CROSS-REFERENCE TO RELATED APPLICATIONS
BACKGROUND OF THE INVENTION
This application claims the benefit of U.S. Provisional Application Nos. 60/527,214, filed Dec. 4, 2003, 60/570,848, filed May 12, 2004, 60/570,861, filed May 12, 2004, 60/612,436, filed Sep. 22, 2004, and 60/612,552, filed Sep. 22, 2004, all of which are hereby incorporated by reference herein. This application is related to U.S. patent application Ser. No. 10/789,461, filed Feb. 26, 2004, and Ser. No. 10/977,354, filed Oct. 28, 2004, both of which are hereby incorporated by reference herein.
1. Field of the Invention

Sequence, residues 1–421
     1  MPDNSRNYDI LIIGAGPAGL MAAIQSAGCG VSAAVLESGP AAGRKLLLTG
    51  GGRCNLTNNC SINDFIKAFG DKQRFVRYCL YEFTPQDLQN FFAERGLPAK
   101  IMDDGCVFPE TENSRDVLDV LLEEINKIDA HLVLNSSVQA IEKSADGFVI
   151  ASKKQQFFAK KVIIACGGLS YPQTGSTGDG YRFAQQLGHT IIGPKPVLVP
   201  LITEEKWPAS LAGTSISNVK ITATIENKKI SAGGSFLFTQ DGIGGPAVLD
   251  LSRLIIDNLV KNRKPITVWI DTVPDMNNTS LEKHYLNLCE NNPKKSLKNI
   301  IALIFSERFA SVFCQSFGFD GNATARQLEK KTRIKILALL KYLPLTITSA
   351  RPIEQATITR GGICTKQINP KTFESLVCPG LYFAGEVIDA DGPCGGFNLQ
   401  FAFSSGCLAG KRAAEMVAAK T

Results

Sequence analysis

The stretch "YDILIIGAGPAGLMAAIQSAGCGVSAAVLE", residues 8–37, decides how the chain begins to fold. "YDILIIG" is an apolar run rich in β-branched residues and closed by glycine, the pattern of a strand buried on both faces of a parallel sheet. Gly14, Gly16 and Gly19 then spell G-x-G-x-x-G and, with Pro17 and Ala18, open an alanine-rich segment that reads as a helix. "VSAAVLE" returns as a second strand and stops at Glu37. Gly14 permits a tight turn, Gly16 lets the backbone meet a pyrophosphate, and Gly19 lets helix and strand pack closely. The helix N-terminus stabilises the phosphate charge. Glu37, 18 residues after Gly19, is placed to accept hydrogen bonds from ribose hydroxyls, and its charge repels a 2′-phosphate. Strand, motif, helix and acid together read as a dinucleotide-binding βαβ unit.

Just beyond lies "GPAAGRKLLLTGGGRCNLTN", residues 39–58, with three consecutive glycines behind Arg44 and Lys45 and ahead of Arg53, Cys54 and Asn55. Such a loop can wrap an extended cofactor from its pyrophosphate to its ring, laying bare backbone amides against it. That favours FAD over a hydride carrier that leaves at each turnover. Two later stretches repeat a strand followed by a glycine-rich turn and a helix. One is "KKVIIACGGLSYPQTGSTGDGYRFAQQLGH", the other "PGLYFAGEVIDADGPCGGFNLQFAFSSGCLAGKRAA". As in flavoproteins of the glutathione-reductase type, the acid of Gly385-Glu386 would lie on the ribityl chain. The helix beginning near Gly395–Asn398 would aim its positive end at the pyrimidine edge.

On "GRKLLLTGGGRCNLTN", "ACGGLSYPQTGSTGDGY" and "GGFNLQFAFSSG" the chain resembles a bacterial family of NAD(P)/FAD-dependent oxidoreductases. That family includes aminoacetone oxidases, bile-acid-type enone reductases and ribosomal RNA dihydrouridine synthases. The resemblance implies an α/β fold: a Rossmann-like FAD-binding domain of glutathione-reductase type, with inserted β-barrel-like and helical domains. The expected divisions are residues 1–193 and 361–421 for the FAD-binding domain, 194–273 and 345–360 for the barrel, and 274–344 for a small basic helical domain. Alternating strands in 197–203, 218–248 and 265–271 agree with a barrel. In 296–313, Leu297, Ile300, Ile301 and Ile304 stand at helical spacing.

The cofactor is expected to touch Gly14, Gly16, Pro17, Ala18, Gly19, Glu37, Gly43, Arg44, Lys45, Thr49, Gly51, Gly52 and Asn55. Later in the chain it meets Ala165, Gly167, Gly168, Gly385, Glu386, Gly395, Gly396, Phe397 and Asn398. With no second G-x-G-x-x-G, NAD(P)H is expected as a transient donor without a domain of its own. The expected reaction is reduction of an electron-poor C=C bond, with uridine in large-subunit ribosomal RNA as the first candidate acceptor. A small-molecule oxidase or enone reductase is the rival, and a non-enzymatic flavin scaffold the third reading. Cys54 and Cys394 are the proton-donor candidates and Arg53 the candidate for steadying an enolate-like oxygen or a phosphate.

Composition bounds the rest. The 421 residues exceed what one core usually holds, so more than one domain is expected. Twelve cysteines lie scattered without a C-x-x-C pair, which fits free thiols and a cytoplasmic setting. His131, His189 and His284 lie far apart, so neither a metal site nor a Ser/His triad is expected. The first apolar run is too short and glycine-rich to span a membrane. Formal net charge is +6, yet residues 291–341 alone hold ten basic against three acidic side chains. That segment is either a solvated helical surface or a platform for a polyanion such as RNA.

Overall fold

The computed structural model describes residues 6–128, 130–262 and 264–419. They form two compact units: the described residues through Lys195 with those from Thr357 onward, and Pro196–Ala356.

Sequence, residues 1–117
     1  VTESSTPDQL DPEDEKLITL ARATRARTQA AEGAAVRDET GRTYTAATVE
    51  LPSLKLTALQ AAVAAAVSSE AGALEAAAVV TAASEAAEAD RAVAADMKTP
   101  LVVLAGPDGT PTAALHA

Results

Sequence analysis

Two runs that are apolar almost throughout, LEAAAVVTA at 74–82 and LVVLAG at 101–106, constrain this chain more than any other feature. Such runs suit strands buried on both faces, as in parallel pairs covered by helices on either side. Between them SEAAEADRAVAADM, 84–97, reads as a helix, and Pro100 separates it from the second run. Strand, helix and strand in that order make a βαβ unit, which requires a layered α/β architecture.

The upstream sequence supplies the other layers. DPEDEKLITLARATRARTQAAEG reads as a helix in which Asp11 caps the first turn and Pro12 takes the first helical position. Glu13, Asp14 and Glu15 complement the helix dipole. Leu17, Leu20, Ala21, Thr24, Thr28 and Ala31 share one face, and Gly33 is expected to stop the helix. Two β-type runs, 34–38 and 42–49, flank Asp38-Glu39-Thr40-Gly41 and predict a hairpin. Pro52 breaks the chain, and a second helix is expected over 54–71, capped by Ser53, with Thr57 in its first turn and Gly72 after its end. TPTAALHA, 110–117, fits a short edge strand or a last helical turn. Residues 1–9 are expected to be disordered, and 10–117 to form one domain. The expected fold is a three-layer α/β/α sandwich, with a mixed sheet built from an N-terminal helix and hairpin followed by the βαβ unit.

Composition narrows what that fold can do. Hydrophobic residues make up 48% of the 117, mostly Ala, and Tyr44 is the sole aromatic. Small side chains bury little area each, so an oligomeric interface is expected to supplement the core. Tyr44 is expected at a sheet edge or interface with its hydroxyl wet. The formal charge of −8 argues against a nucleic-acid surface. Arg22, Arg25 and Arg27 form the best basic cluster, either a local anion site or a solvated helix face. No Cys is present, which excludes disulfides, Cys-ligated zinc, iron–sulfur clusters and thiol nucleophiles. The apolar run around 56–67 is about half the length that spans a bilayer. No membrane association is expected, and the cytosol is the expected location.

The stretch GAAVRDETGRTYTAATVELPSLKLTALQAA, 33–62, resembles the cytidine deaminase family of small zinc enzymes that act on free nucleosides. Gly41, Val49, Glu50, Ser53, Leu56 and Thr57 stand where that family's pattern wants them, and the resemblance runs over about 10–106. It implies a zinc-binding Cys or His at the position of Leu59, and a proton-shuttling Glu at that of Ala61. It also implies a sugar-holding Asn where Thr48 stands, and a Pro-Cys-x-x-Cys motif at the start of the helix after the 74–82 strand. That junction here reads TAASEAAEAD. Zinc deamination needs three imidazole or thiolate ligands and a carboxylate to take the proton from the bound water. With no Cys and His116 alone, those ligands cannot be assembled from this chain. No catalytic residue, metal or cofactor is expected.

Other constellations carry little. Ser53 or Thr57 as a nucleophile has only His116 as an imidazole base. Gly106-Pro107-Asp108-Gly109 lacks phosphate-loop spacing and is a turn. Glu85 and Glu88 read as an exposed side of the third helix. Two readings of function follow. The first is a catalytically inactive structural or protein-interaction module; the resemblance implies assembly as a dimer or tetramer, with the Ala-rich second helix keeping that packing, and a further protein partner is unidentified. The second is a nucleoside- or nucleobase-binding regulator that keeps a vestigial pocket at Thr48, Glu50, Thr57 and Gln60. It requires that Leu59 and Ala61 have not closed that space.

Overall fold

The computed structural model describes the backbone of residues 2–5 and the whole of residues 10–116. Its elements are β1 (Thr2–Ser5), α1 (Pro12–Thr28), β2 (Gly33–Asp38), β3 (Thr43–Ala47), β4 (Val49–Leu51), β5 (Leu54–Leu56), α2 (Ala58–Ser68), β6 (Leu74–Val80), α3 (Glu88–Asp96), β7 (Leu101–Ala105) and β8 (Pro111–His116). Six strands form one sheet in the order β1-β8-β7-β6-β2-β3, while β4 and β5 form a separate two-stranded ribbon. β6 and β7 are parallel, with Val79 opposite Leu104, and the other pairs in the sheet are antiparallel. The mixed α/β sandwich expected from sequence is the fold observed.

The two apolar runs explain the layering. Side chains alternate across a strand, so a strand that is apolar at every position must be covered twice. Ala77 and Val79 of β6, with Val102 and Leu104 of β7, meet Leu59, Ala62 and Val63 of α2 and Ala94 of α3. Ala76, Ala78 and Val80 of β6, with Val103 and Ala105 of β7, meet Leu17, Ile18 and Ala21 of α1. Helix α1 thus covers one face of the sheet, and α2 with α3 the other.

This invention pertains in general to electronic messaging and in particular to protocol negotiation among messaging servers.
2. Description of the Related Art
Before the introduction of e-mail, business users relied on two forms of communication—the phone and the business letter. The former was momentary and casual, the latter was retained as a business record and was considered formal. E-mail has blurred those two communication requirements into one tool—people use it both formally and casually, but it is retained for an indefinite time period (typically years) depending on how an enterprise's Information Technology (IT) system has been set up.
Enterprises are now searching for a way to deal with the problem of separating communications that constitute business records from the general ‘chatter’ of e-mail. Such business records must be retained in a manner that reflects the business processes to which the content relates.